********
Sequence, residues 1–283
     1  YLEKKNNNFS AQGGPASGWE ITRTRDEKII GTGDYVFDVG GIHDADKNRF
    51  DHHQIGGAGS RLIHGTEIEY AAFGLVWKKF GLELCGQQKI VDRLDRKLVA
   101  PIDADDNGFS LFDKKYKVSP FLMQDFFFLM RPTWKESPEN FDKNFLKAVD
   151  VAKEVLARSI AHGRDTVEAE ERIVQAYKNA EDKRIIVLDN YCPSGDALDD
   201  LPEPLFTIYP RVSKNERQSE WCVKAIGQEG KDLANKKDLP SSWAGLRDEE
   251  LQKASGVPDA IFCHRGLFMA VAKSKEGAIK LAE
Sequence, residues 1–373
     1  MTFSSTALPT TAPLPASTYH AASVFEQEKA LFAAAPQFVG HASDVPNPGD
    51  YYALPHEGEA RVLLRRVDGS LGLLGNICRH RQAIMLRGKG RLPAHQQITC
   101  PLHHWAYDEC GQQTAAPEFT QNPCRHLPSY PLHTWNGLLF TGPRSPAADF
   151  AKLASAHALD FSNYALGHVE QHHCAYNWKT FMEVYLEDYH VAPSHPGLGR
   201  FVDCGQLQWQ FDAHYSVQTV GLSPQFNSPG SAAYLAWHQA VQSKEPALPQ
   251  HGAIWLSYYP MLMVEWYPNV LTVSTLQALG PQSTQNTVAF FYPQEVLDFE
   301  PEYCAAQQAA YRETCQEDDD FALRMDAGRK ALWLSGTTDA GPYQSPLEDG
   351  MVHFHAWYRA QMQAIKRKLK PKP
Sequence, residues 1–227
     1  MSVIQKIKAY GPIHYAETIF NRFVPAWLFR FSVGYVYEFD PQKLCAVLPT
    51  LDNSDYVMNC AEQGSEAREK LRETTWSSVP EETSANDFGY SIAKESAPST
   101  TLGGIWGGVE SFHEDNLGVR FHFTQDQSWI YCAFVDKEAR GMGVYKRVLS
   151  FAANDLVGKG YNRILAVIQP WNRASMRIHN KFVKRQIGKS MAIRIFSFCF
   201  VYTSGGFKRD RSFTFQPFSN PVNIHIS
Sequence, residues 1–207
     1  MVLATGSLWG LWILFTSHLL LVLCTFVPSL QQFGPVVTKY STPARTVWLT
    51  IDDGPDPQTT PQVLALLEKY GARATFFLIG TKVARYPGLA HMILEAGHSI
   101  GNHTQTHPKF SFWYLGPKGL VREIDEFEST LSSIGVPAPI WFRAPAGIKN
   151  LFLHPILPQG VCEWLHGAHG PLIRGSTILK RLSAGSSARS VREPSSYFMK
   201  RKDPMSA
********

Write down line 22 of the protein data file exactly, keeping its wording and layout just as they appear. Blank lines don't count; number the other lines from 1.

   201  VYTSGGFKRD RSFTFQPFSN PVNIHIS